The Rohingya are Muslims native to the northern Arakan region of Burma, which borders Bangladesh. The name Rohingya is taken from "Rohang" or "Rohan," which was the name used for the Arakan region during the 9th and 10th centuries. According to Rohingya history, the group is descended from 7th century Arab, Mughal, and Bengali merchants who settled in Arakan territory. The Rohingya live alongside the Rakhine, a people descended from Hindus and Mongols who make up the ethnic majority in the region.
The Rohingya language is known as Rohingyalish and is linguistically similar to the Chittagonian language spoken in the southernmost area of Bangladesh bordering Burma. While the language has been successfully written in scripts including Arabic, Hanafi, Urdu, and Burmese, the modern adaptation uses a script based on the 26 letters of the Roman alphabet with two additional Latin letters.
Recent history:The Rohingya were promised a separate Muslim state when the British reclaimed Burma from Japanese occupation during World War II as a reward for their loyalty. But instead, only those Rohingya that had collaborated with the British were appointed to official posts within the British-controlled colony.
By 1947, the group had formed an army and had approached President Jinnah of newly-formed Pakistan to incorporate northern Arakan into a part of the country that would later form Bangladesh. Experts believe that it was this action that led to eventual problems between the Rohingya and the Burmese government, who saw the group as untrustworthy.
When Burma declared independence in 1948, most Rohingya officials were replaced with Buddhist Arakanis who began to institute policies that many of the Muslim group considered unfair. Since that time, ethnic tensions have divided the two peoples.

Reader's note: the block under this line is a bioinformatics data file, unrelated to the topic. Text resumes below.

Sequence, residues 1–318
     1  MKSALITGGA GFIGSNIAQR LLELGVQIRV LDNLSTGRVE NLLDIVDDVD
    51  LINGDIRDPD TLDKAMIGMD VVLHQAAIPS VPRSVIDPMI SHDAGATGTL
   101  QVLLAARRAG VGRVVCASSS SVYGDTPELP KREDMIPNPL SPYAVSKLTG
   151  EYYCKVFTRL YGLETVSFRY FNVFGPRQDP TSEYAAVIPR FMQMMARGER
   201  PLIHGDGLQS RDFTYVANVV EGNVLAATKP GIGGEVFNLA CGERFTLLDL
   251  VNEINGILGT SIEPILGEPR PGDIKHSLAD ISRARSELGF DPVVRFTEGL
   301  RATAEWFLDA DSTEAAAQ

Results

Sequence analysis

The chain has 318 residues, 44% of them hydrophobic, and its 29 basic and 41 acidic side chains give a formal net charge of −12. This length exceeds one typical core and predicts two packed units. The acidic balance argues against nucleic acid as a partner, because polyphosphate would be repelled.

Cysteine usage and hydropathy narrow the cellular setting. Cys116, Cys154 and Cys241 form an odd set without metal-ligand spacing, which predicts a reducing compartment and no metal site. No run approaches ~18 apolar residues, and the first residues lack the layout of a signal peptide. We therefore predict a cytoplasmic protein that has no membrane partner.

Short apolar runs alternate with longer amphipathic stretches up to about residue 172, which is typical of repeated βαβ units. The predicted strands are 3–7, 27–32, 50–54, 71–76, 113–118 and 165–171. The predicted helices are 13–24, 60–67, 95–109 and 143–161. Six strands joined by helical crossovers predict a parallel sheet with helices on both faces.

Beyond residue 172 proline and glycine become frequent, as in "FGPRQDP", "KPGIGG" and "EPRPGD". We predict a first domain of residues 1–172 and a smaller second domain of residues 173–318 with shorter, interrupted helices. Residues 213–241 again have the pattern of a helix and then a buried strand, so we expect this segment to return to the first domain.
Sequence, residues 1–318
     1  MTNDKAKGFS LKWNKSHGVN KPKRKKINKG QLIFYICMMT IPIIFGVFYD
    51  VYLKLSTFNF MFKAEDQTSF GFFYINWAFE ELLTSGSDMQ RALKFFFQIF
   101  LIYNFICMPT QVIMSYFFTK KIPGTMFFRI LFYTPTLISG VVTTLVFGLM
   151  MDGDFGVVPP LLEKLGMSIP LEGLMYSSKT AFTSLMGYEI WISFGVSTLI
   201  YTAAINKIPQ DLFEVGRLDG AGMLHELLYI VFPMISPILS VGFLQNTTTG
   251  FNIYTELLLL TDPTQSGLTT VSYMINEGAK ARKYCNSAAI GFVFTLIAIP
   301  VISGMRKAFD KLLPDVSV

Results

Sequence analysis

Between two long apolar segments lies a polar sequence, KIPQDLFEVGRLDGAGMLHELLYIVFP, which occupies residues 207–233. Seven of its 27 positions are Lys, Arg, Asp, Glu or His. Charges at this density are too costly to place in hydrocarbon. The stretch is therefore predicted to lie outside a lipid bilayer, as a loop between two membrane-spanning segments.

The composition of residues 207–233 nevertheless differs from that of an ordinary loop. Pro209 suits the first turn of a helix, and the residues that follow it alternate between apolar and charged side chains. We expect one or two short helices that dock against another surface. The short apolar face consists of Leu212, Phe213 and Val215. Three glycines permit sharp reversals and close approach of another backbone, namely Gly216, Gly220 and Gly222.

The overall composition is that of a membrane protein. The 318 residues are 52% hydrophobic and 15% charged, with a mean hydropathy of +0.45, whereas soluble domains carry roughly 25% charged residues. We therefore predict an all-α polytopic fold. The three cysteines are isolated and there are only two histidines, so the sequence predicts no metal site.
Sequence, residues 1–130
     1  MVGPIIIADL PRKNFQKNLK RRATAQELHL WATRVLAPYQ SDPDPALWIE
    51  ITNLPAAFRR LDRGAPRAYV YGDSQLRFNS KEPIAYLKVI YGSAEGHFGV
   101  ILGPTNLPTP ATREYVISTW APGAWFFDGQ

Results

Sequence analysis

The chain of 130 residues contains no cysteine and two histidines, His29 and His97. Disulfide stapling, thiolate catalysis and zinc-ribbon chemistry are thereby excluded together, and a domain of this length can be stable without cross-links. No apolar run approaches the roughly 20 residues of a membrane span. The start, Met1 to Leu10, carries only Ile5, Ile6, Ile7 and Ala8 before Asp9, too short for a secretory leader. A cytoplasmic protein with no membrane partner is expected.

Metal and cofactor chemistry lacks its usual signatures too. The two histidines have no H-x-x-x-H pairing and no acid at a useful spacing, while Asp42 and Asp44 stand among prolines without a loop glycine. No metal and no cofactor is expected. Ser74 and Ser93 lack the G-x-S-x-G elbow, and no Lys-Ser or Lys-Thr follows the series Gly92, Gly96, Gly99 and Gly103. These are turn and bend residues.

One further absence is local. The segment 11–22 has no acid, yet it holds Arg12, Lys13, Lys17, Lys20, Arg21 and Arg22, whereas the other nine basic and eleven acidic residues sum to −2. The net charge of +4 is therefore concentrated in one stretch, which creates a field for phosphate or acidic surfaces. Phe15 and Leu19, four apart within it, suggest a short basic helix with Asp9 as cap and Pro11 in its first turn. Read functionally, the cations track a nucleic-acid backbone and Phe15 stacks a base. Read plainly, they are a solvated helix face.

Prior to 1962 the Rohingya community was recognized as an indigenous ethnic nationality of Burma, with members of the group serving as representatives in the Burmese parliament, as well as ministers, parliamentary secretaries, and other high-ranking government positions. But since Burma’s military junta took control of the country in 1962, the Rohingya have been systematically deprived of their political rights.
The Rohingya were declared “non-nationals” and “foreign residents,” according to a citizenship law established by the regime in 1982, and were denied the right to participate in multiparty elections held in 1990.
The Rohingya have been subjected to large-scale ethnic cleansing following the formation of an independent Burma. Since 1948, nearly 1.5 million Rohingya have been forced to leave their homeland to avoid this persecution. Many members of the group have fled to Bangladesh, Pakistan, and Saudi Arabia, but others communities can be found in the U.A.E., Thailand, and Malaysia.
Approximately 800,000 Rohingya still live inside Burma, while an estimated 600,000 live in Bangladesh, 250,000 live in Pakistan, and 300,000 live in Saudi Arabia. Around 100,000 other Rohingya make up parts of the population of the U.A.E., Thailand, and Malaysia.
Communal violence between Rohingya and ethnic Buddhists in Burma’s Arakan state, also called Rakhine, in 2012 left more than 200 dead and tens of thousands homeless, with the Rohingya bearing the brunt of the violence. Deadly clashes erupted again two years later, prompting calls by rights groups and the United Nations for investigations into the unrest.
Helped by human traffickers, hundreds of Rohingya meanwhile began to flee Burma by boat for Malaysia, Thailand, and Indonesia, leading to a surge of illegal migration by Rohingya and Bangladeshis in May 2015 that saw countries in the region turning vessels filled with hundreds if not thousands of sick and hungry passengers back at sea.